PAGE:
And what they saw was a plush-green golf course view.

But apparently what they didn’t see were the actual terms of the contract they signed which clearly stated that what they wanted to see wasn’t necessarily what they’d always get.

I have a copy of the “Covenants, Conditions Restrictions and Easements” (CC&R) issued by the city for the Queensridge planned community development dated May 10, 1996 – well BEFORE any homes were built.

This document outlines what the property being approved for development as the Queensridge planned community could be used for, including single-family homes, multi-family homes, condominiums, hotel, etc.

But here’s the thing…

Again, the Badlands Golf Course was already there BEFORE the Queensridge planned community was built.  And the CC&R specifically stated that “The existing 18-hole golf course commonly known as ‘Badlands Golf Course’ is not part of the property.”

That’s because the land the Badlands Golf Course was on wasn’t owned by the developers of Queensridge.  That land was owned by Yohan Lowie.

And since it was Mr. Lowie’s land, it was up to Mr. Lowie, not the Queensridge planned community, to decide whether to keep that land as a golf course…or do something else with it.

Well, a few years ago Mr. Lowie decided to exercise his property rights and do something else with the land.  Which resulted in Mr. Schreck and other homeowners – who didn’t want to lose their backyard view of a plush, green golf course – had a conniption.

But here’s the thing…

When Mr. Schreck and the other homeowners bought their homes in the Queensridge planned community, the “Purchase Agreement” they signed specifically stated that the Seller “has made no representations or warranties” concerning possible “future development” of “the surrounding area of nearby property.”

Surrounding area like…the Badlands Golf Course.

In fact, click here to see a map included in the CC&R of the area which specifically shows that the Badlands Golf Course was “NOT A PART” of the Queensridge planned community and was “SUBJECT TO DEVELOPMENT RIGHTS.”

Including the development rights of…Yohan Lowie.

But the Purchase Agreement went even further.

Under “Additional Disclosures” – which buyers had to initial, acknowledging it had been “read and approved by the purchaser” – the Queensridge planned community specifically advised Mr. Schreck and the others that what you see might NOT always be what you get.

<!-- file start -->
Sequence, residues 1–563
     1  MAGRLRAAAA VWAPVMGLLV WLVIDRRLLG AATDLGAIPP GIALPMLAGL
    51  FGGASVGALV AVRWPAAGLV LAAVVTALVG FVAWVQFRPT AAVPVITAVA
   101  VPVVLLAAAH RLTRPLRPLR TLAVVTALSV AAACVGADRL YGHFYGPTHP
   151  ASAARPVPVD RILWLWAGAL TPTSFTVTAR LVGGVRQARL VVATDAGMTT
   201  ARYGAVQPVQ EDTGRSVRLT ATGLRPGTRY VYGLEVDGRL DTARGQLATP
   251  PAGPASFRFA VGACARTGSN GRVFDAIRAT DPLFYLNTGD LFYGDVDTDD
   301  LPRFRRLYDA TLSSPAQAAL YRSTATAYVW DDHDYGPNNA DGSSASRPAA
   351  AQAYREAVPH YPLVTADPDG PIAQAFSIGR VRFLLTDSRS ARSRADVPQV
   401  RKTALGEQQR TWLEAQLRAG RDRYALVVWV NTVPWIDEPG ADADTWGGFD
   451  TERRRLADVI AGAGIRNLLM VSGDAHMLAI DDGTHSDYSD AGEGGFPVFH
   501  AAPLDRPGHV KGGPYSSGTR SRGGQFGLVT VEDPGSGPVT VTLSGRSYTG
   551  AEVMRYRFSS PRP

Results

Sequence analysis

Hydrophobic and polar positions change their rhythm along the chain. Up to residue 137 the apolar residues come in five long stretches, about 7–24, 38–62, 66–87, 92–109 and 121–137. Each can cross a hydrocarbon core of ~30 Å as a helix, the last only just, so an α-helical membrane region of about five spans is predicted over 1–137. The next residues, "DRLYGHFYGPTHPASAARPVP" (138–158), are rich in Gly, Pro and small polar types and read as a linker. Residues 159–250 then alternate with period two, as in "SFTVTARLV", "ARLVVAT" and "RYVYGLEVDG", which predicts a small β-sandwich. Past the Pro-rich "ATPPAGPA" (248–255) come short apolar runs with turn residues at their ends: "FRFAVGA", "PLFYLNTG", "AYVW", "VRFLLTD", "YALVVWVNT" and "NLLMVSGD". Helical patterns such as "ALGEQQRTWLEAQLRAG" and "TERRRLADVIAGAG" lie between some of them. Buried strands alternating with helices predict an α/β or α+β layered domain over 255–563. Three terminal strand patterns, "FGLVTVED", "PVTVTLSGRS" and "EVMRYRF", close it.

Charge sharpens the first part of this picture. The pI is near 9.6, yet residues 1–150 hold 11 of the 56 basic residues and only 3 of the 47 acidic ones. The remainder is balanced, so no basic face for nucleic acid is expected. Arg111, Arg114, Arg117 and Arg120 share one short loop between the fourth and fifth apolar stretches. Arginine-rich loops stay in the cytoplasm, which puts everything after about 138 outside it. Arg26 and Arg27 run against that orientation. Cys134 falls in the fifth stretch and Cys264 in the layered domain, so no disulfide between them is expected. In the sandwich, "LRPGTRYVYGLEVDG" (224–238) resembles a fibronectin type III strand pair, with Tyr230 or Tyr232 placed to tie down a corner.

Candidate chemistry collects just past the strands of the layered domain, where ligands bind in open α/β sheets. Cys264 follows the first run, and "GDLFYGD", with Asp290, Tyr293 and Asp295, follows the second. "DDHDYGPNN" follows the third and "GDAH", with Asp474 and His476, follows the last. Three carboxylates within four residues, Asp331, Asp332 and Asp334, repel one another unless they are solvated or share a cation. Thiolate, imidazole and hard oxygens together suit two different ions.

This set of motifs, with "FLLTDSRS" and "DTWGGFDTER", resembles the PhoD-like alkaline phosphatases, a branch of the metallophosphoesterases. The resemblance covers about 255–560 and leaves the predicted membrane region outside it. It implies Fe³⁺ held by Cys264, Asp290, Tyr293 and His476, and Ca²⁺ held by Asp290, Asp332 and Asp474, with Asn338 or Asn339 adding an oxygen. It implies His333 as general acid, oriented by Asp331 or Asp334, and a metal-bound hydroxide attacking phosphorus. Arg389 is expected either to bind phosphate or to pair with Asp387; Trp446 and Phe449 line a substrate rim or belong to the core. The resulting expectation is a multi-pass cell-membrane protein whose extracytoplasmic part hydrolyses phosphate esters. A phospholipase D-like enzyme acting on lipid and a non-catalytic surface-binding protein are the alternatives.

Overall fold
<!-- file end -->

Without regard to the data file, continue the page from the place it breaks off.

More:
“The Lot (being purchased) may have a view or location advantage at the present time,” Section 6 of of the Purchase Agreement reads.

A view advantage like a plush, green golf course off the back yard.

Now here’s the kicker…

“Morevover, depending on the location of the Lot, adjacent or nearby residential dwellings or other structures, whether within the Planned Community or outside the Planned Community, could potentially be constructed or modified in a manner that could block or impair all or part of the view from the Lot and/or diminish the location advantages of the Lot, if any.”

The operative words here are “outside the Planned Community.  Like…the Badlands Golf Course.

Section 6 concludes…

“Purchaser acknowledges that Seller has not made any representations, warranties, covenants, or agreements to or with Purchaser concerning the preservation or permanence of any view or location advantage for the Lot.”

Like the view and location advantage of a golf course view.

So from where I sit with what I’ve learned so far – acknowledging that I’m no lawyer and don’t even play one on TV – it appears the home owners in the “Queensridge Quagmire” don’t have a leg to stand on.  Will be interesting to see if the Supreme Court agrees.

Either way, city taxpayers are gonna get fleeced.  The only question is how Badlands badly.

(Mr. Muth is president of and publisher of  He blogs at  His views are his own.)